Inground Pools and Ground Water

Inground Pools and Ground Water

Jason: Hey, everybody. Jason here from River Pools. And today, we’re on location where we’re installing
one of our Cathedral 36 inground fiberglass pools, here in White Stone, Virginia, in the
northern neck of Virginia, which is all the way on the East Coast. We are very close to the Chesapeake Bay. In fact, we’re on a waterfront site today. And as you can see, we’ve excavated for this
pool, and what we’re gonna talk about today is how to install an inground pool in an
area with a high water table. Jason: So we’re on a waterfront lot, there’s
panoramic view, gorgeous site. But we’re not elevated very high above the
sea level here. And so we’ve excavated our hole, which is
about six feet deep or so. And you can see it’s very wet down here. This is sandy soil, which is pretty common
for areas with a high water table. And you can literally see the streams of water
flowing in front of me, so there’s quite a bit of ground water here. And this water is just seeping in from the
bottom, about 12 inches of this excavation, it’s seeping in through the sand. And what tends to happen when this goes on
is the sand starts to wash into the hole, then you start to get cave-ins. Jason: So it’s important that we do a couple
things. What we’ve done here as a treatment is as
soon as we got down to our depth, we installed a silt fence. And what that does, it allows the water to
pass through the silt fence, but it traps the sediment, so it doesn’t continue to wash
down in the hole. Jason: We also installed a submersible pump,
and once we got down to our excavated depth, we over-dug by about six inches or so, and
we installed gravel down in there, and we put that pump on top of the gravel. And then that pump’s constantly removing the
ground water, which is keeping this hole relatively dry so we can work down here until
we get the pool installed. Jason: We also started digging from the deep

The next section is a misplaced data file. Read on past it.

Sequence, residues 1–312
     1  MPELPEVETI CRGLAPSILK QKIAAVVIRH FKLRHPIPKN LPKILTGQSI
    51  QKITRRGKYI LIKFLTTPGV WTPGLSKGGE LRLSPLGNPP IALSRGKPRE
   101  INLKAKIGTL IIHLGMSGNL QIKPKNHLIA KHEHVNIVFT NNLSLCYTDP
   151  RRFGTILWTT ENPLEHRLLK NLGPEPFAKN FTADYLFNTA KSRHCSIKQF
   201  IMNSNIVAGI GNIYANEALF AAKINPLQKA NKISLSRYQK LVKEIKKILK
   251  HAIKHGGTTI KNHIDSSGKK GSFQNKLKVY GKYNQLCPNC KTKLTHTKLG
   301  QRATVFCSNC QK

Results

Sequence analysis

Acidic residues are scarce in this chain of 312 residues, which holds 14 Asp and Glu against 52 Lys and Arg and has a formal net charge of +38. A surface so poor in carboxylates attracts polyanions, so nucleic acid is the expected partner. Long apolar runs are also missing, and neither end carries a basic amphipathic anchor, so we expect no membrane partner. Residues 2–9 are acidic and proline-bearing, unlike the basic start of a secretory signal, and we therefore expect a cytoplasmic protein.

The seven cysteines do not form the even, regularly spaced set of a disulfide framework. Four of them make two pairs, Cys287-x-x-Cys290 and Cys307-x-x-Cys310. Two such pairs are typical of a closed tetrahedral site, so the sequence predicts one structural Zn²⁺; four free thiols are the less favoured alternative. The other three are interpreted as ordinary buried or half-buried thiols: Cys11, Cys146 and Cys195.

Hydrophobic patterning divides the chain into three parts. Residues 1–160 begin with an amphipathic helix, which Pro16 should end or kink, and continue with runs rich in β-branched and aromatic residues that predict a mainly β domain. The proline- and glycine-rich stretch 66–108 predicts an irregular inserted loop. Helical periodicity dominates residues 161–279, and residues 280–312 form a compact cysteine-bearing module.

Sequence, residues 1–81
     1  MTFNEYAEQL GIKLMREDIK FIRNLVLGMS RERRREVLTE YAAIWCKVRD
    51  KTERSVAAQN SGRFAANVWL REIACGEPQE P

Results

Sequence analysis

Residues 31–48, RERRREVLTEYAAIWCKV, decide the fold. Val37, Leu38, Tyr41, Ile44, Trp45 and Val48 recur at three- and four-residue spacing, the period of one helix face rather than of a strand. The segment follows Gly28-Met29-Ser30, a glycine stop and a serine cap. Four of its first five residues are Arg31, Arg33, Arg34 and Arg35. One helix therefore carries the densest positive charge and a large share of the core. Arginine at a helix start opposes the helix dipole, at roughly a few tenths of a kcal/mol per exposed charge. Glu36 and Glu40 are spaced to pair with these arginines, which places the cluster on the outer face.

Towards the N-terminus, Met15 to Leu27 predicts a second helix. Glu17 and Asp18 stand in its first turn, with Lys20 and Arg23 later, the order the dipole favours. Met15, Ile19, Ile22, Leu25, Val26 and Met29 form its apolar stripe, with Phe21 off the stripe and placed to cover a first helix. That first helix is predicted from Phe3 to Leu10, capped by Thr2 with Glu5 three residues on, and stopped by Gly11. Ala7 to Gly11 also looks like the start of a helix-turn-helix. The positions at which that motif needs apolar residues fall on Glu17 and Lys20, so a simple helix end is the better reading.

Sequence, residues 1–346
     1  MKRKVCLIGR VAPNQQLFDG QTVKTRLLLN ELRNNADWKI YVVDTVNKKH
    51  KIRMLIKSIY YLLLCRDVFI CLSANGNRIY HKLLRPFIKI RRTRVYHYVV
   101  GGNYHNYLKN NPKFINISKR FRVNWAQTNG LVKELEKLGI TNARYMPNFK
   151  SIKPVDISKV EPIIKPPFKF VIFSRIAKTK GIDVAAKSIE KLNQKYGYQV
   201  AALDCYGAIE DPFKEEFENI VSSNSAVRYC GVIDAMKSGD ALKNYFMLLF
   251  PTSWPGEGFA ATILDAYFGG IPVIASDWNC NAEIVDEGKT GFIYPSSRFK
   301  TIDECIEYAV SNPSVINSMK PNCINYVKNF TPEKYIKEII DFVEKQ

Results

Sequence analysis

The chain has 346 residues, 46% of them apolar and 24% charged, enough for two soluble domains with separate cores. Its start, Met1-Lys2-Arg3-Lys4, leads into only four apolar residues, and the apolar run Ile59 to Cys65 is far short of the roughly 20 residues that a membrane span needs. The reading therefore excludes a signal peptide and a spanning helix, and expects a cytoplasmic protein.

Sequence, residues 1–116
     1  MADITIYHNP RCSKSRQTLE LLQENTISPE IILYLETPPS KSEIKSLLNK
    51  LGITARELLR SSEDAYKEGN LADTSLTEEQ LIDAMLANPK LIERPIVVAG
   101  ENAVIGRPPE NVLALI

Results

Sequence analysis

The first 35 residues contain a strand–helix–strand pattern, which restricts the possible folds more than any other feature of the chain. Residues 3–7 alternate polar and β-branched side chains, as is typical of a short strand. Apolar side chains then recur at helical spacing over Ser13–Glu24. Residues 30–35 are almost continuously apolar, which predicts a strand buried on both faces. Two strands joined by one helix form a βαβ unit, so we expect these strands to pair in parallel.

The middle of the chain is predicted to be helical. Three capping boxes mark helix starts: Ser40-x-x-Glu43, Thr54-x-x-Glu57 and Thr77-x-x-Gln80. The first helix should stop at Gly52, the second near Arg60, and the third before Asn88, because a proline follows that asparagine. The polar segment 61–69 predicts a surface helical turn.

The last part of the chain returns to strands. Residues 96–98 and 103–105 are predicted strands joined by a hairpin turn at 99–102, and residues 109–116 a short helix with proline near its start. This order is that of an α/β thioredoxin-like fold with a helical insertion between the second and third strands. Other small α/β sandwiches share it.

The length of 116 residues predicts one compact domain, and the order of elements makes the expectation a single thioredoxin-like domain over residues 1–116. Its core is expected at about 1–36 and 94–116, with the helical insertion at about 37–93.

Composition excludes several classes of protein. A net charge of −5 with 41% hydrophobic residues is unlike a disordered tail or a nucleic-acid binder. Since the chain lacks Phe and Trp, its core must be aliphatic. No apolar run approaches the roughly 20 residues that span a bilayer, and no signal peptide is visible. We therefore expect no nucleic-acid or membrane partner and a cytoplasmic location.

end of the pool. And this allowed us, as we got down to our
depth here, to work our way back up. If we would’ve started from our shallow end,
the water would’ve continued to pool into the hole, and we would’ve constantly been
digging into soupy, sloppy dirt. So if you can, in areas where you think you
might hit ground water, start from the deep end first. Jason: So in essence, what’s gonna happen
next out here is now that we’ve got our hole dug and dried out, we’re gonna put our gravel
base down, we’re gonna set the pool in here, and the entire time this is happening, we’re
gonna have the submersible pump running to continue to keep the hole dry. So after we get the pool set, we’ll start
to fill it with water, we’ll back-fill with stone around the outside of the pool, and
we’ll keep that pump and our drain pipe after the pool is installed, and we’ll keep that
in there and let it continue to run until we get out concrete deck poured around the
outside of the pool. Jason: So this is how we treat high water
table situations. And we hope you’ve learned a lot from it. If you have any other questions, feel free
to let us know. And if you’d like to receive a quote for an
inground pool, be sure and make a request on the website here, and we’ll be in touch
with you very soon. Thanks so much.

2 thoughts on “Inground Pools and Ground Water

  1. I live in Michigan with a lot of clay around my inground liner pool. Have a 9 foot deep end in our pool and we constantly are draining water from behind the liner in the shallow 4' wnd with a 1-1/2" pvc pipe stuck behind the liner and connected to a pump in a corner of the liner I have pulled back. Would it be recommended or OK to install a permanent sump pit to drain water from behind the liner as a permanent fix? Thanks for any advice you can send.

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